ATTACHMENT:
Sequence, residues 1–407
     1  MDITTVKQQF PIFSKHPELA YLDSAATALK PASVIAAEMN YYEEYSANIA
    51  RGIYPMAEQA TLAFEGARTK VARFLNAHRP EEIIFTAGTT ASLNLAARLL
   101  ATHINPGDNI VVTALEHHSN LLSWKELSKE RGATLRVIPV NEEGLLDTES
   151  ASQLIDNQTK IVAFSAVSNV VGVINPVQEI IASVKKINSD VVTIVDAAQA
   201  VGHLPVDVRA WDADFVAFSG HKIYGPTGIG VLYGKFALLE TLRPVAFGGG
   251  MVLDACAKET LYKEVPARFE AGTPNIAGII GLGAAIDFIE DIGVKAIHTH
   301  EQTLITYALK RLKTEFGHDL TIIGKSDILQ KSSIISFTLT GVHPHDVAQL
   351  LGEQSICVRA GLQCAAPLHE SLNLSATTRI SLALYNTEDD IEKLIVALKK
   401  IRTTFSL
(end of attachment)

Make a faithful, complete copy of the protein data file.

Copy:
Sequence, residues 1–407
     1  MDITTVKQQF PIFSKHPELA YLDSAATALK PASVIAAEMN YYEEYSANIA
    51  RGIYPMAEQA TLAFEGARTK VARFLNAHRP EEIIFTAGTT ASLNLAARLL
   101  ATHINPGDNI VVTALEHHSN LLSWKELSKE RGATLRVIPV NEEGLLDTES
   151  ASQLIDNQTK IVAFSAVSNV VGVINPVQEI IASVKKINSD VVTIVDAAQA
   201  VGHLPVDVRA WDADFVAFSG HKIYGPTGIG VLYGKFALLE TLRPVAFGGG
   251  MVLDACAKET LYKEVPARFE AGTPNIAGII GLGAAIDFIE DIGVKAIHTH
   301  EQTLITYALK RLKTEFGHDL TIIGKSDILQ KSSIISFTLT GVHPHDVAQL
   351  LGEQSICVRA GLQCAAPLHE SLNLSATTRI SLALYNTEDD IEKLIVALKK
   401  IRTTFSL